Churchill (wiki), from The River War, via Powerline.

I have never accepted what many people have kindly said - namely, that I inspired the nation... It was the nation and the race dwelling all round the globe that had the lion's heart. I had the luck to be called upon to give the roar. I also hope that I sometimes suggested to the lion the right place to use his claws. 

~ Churchill (speech in Westminster Hall, 30 November 1954) 

The ability to foretell what is going to happen tomorrow, next week, and next year. And to have the ability afterwards to explain why it didn't happen. 

~ Churchill (describing the qualifications of a prospective politician, quoted in Adler, Churchill Wit

Naval tradition? Monstrous. Nothing but rum, sodomy, prayers, and the lash. 

~ Churchill (quoted in Harold Nicholson, diary, 17 August 1950) 

He mobilized the English language and sent it into battle to steady his fellow countrymen and hearten those Europeans upon whom the long dark night of tyranny had descended.* 

- Edward R. Murrow (1908-1965) (broadcast, 30 November 1954) 

November is the anniversary of the birth in 1874 of the greatest British statesman of recent times, Winston Spencer Churchill (1874-1965). Born into an aristocratic family, Churchill was educated at Harrow and Sandhurst and served in the British Army in India, the Sudan, and South Africa. Elected to Parliament in 1900, he became the First Lord of the Admiralty in 1911 but was discredited and forced to resign by the failure of World War I's Gallipoli campaign in 1915. 

Subsequently, Churchill held several cabinet-level offices under both Liberal and Conservative governments, but he left politics between 1929 and 1939 and restricted himself largely to warning of the rise of Nazi Germany. In 1940, seven months after the outbreak of World War II - Britain's darkest hour - he supplanted Neville Chamberlain as Prime Minister and led his nation to victory in 1945. Turned out of office in the next election, he nonetheless returned as Prime Minister between 1951 and 1955. Also a prolific author, Churchill received the 1953 Nobel prize in literature for such books as The World Crisis (1923-29), a biography of his ancestor, the Duke of Marlborough, his multi-volume memoir of World War II, and The History of the English-Speaking Peoples

* N.B. The "We shall fight on the beaches speech" (wiki), perhaps Churchill's greatest wartime utterance, in the House of Commons, 4 June 1940 - I'm struck by his note of weary resignation, almost totally lacking in rhetorical enthusiasm. Text of the most famous paragraph is below - full text here

Even though large tracts of Europe and many old and famous States have fallen or may fall into the grip of the Gestapo and all the odious apparatus of Nazi rule, we shall not flag or fail. We shall go on to the end. We shall fight in France, we shall fight on the seas and oceans, we shall fight with growing confidence and growing strength in the air, we shall defend our island, whatever the cost may be. We shall fight on the beaches, we shall fight on the landing grounds, we shall fight in the fields and in the streets, we shall fight in the hills; we shall never surrender, and if, which I do not for a moment believe, this island or a large part of it were subjugated and starving, then our Empire beyond the seas, armed and guarded by the British Fleet, would carry on the struggle, until, in God's good time, the New World, with all its power and might, steps forth to the rescue and the liberation of the old.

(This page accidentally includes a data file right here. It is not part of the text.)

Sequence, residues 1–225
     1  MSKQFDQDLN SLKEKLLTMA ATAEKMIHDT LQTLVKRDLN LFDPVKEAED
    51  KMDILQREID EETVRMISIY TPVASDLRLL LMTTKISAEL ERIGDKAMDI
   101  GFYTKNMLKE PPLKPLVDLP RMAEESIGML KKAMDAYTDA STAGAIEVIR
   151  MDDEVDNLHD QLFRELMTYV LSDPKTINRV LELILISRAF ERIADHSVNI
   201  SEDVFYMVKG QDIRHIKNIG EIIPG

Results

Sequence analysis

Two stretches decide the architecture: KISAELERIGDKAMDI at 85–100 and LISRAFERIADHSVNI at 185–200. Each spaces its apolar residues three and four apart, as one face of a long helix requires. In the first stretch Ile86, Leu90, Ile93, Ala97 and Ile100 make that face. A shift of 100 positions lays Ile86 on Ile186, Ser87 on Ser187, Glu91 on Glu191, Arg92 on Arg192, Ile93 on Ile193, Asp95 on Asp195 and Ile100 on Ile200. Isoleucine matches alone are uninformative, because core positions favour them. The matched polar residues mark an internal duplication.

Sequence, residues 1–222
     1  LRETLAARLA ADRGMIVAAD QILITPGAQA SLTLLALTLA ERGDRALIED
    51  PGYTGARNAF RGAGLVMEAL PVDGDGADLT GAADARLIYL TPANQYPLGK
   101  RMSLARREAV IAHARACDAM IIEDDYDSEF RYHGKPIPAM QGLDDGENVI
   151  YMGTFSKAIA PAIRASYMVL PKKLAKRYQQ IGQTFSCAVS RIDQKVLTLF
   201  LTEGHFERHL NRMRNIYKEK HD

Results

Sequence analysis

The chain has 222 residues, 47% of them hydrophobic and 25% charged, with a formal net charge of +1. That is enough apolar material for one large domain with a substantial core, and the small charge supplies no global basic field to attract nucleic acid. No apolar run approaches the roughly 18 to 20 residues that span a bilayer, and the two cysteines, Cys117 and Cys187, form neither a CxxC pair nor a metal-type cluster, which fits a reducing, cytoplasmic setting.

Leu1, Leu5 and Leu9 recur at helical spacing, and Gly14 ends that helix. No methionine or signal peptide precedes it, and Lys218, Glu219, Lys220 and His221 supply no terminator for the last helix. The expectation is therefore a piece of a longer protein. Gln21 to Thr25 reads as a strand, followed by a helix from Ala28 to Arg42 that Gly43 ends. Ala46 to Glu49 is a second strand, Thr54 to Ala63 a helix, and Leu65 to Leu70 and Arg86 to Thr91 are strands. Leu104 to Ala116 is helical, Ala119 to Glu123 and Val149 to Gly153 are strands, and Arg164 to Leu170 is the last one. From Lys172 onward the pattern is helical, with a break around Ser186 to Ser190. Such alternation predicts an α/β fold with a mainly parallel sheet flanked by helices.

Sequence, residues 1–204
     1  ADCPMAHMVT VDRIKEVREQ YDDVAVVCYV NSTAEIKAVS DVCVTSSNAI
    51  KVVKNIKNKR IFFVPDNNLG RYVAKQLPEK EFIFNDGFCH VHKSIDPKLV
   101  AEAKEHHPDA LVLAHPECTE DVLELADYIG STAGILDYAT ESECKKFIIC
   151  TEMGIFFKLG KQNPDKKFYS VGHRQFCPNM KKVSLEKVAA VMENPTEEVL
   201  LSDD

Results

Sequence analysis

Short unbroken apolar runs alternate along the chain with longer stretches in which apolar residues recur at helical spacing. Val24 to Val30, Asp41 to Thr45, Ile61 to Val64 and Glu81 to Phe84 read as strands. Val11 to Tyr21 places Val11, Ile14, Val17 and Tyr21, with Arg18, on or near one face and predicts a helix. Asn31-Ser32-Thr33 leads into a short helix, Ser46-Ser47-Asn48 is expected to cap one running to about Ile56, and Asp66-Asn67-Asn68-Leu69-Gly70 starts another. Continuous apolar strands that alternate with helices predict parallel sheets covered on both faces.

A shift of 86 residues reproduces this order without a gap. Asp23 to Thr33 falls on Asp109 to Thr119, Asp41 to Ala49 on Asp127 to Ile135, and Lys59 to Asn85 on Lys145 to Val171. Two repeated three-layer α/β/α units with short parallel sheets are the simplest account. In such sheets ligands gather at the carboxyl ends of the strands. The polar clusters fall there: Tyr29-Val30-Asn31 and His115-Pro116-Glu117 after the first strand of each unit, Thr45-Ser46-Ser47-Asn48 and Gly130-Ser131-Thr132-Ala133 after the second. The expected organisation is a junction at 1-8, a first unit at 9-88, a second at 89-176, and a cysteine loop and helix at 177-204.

Wednesday, November 25, 2015

Happy Thanksgiving links

Time to invite the neighbors to dinner, kill them, and take their land. 

Here's a huge roundup of Thanksgiving links: how turkey got its name, why the Lions and Cowboys always play, Ben Franklin's account of the first Thanksgiving, Buffy Thanksgiving episode ("ritual sacrifice, with pie"), Mark Twain, science, the Thanksgiving birthday pattern, WKRP turkey giveaway ("as God is my witness, I thought turkeys could fly"), Cicero, the best turkey fryer PSA ever, and lots more.

'A Day of Thanksgiving and Praise': Remembering President Lincoln's 1863 Thanksgiving proclamation.

Weird Incidents Involving Wild Turkeys, and a Scientific Look at How Female Turkeys Choose Their Mates (and avoid the unwanted ones).

A definitive ranking of Thanksgiving sides, taking into account the availability theorem and the leftover theorem. Related, this map of side dishes by region.

From the American Chemical Society: What Happens When You Eat Too Much?

ICYMI, Monday's links are here, and include weird Stonehenge replicas, a parasitic worm that increases women's fertility, the science of smiling, and test-tasting computer-translated recipes.

Have an excellent Thanksgiving, and be good to all of those people you're thankful for!